Olivia Dennard loves to smile, loves to cook and loves to be there for others.
Recently Ken Garcia, regional director of communications for the American Red Cross’ Central and Western Oklahoma Region, shared insight into a few of their numerous volunteers.
Of Dennard, he said, “She is one of our most dependable and active disaster action team members, having responded to 12 calls so far this year. Her attitude is always bright and she leads by example. She is a role model in terms of her dedication and knowledge.”
And all of that can be traced to love — a love that is at least a couple generations deep.
Dennard, 64, of Oklahoma City, was born and raised in San Antonio. She describes her parents, Dan and Tillie Chapa, as “loving and giving people, helping anyone in need, especially children.”
They raised six children, but “with a loving heart we had room for one more when they adopted my brother Rene Chapa.”
“We learned by example that our blessings were bountiful and to give of ourselves to those in need,” Dennard said. “I witnessed my mother cooking extra food because homemade tortillas would surely bring someone in the neighborhood to the table.
“Anyone who knows me will tell you I love to cook for others.”
Again, Dennard just loves to be there for others.
“I decided to become a Red Cross volunteer and use my bilingual Spanish speaking skills to help my community,” she said. “It is very important to me not only to remain a part of my culture but also my nature to pay it forward.”
Disaster action team
Dennard is a member of the Red Cross’ disaster action team. These first responders to disasters such as house fires, apartment fires, wildfires, ice storms, snowstorms, floods, tornadoes and earthquakes assist “our clients with their immediate emergency disaster-caused needs and assist through their recovery period.”
“We also ... take care of our firefighters’ with beverages, food and snacks during fires and law enforcement during a standoff,” she said.
Dennard serves as an emergency response driver for the vehicle used in a disaster for mobile feeding in neighborhoods and rural areas. She is a mass care feeding manager, shelter manager and a disaster specialty training instructor.
Dennard is certified in CPR-first aid and conducts community disaster education presentations at senior centers, public libraries, schools, community health fairs and businesses.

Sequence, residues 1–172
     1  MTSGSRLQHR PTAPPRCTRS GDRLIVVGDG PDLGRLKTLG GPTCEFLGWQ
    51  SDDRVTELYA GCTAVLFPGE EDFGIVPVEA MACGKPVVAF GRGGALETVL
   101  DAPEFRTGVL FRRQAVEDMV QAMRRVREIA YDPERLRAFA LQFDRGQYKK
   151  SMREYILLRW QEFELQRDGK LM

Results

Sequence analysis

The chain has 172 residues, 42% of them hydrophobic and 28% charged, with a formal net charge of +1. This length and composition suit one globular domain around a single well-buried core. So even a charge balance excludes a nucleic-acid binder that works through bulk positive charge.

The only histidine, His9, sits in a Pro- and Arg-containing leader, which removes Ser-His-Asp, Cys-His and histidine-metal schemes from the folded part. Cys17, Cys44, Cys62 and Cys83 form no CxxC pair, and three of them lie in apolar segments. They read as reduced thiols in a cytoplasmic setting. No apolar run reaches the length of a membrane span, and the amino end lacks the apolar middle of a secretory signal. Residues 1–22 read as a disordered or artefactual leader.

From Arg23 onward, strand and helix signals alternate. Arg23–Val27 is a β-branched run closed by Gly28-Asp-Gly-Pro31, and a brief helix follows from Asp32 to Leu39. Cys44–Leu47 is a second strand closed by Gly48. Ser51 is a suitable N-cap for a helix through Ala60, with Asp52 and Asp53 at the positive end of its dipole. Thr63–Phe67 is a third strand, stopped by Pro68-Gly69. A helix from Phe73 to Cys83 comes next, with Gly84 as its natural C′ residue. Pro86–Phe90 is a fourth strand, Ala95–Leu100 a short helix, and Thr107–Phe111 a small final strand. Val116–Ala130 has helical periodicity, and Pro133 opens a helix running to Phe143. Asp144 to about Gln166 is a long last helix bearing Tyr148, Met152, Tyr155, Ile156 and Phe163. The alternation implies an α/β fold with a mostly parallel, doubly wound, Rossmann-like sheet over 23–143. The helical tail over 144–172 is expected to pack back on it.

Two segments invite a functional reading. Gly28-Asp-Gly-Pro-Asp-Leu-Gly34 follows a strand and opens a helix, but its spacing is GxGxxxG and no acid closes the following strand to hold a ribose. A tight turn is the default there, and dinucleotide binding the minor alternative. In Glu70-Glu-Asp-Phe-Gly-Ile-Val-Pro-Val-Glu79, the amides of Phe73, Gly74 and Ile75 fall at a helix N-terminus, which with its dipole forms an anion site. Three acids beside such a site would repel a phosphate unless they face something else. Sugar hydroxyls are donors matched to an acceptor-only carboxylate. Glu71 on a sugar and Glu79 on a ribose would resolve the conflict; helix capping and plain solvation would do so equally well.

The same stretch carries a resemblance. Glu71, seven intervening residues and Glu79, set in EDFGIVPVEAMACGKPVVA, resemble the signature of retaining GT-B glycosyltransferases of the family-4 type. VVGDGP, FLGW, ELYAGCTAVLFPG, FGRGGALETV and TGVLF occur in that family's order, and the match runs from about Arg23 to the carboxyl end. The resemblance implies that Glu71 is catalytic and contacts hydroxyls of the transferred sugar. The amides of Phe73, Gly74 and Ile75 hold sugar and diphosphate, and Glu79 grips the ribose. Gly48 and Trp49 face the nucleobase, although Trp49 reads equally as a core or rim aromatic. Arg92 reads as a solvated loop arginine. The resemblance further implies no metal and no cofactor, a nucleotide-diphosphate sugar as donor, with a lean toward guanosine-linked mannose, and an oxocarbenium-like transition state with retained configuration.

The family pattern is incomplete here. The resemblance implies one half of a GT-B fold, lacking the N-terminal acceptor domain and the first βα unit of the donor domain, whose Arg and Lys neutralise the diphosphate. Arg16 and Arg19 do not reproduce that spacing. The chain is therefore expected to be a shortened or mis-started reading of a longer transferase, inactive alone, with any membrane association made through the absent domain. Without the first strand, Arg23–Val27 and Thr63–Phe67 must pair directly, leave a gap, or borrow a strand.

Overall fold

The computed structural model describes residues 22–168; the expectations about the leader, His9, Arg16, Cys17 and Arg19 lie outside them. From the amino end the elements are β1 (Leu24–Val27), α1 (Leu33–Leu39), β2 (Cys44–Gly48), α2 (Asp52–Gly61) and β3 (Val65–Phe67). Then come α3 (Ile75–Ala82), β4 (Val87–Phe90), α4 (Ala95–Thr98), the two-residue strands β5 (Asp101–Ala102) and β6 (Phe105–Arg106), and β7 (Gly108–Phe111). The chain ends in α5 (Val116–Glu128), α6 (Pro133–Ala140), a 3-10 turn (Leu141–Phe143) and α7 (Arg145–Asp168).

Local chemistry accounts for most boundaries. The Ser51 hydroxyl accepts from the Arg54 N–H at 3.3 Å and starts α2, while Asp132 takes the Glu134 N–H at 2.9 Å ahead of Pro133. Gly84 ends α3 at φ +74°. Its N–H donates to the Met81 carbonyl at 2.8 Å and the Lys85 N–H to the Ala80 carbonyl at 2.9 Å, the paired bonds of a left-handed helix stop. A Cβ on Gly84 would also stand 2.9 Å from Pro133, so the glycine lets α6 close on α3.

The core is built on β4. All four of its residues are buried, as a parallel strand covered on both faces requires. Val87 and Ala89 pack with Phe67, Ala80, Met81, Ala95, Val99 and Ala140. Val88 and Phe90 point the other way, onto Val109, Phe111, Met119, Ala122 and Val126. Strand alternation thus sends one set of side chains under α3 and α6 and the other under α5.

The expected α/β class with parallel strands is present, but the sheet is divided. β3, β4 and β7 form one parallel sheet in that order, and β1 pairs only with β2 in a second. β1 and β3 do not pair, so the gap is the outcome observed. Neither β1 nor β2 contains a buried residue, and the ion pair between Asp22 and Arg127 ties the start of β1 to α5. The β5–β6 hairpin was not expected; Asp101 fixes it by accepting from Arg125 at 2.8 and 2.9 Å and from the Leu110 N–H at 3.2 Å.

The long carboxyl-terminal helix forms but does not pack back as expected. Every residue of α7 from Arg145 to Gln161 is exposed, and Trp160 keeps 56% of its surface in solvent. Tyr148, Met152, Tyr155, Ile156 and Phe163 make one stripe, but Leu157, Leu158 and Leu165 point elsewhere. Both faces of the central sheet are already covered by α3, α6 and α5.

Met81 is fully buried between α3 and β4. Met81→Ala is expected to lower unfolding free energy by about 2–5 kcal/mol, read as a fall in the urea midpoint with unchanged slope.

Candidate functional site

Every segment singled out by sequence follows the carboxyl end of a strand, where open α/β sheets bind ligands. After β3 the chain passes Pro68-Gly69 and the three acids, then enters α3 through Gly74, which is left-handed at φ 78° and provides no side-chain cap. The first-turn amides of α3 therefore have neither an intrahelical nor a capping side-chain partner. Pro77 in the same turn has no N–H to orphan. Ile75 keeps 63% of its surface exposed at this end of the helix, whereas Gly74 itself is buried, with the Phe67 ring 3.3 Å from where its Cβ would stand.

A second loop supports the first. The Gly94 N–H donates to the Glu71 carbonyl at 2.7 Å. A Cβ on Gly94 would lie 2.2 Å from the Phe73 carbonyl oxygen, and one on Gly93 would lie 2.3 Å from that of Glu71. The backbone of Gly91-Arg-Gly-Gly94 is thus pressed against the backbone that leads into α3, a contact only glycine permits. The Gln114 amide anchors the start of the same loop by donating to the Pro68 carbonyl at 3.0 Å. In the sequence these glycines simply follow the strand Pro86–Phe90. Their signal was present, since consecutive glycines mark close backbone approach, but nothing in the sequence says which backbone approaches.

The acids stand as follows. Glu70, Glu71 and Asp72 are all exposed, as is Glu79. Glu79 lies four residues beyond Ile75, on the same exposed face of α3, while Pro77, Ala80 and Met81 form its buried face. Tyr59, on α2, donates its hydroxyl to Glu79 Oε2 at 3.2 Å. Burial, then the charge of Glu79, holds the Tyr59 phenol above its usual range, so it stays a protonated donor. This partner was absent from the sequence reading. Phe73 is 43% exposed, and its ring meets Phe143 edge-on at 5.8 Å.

Since retiring from The Oklahoma Publishing Co., Dennard has deployed as an emergency response driver for the Red Cross to Louisiana hurricane relief, Colorado wildfires and Colorado floods. In Oklahoma she has helped during or after ice storms, wildfires and tornadoes.
Last year on May 20, Dennard was deployed to Shawnee as mass care feeding manager.
In the early evening on May 31, Dennard and other volunteers huddled in the basement of a hotel in Norman and watched in horror as another tornado tracked from El Reno, to Mustang and then to Oklahoma City, near Dennard’s neighborhood.
“I prayed for my husband who was at home,” she said. “I contacted him by cell, he was safe in the storm shelter, and we lost contact until hours later when the storm had passed. He gave me the bad news that our mobile home had been hit, ‘All power is out we have a lot of damage it looks like a war zone.’ I knew my husband would be OK because he was ‘Red Cross Ready,’ shook up, but OK.
“Our home was habitable.”
Dennard was able to get home the next day and assess the damage on their home and found the tree in the back yard caused damage to the rear of the house, a broken window and roof damage.
“Compared to our neighbors it was minor,” she said. “I brought him with me to the hotel and explained that I would continue to volunteer for our neighborhood with feeding and he said he will help our neighbors with the clean up.
“When we would have power back in our home was not important at this point.”
So, Dennard changed gears from feeding manager to mass care emergency response vehicle driver, taking care of her neighbors and the surrounding area.
“It was important to me to fulfill my voluntary service, which is a voluntary relief movement not prompted in any manner by desire for gain,” she said. “A week later power was restored and our lives started to get back to normal. We packed our camper and we went on a much-needed vacation.
“As a volunteer I love what I do for the Red Cross, but I love more what I get back from my community. I get blessings in return because we helped someone in need of a safe, warm place to sleep; food; clothing.”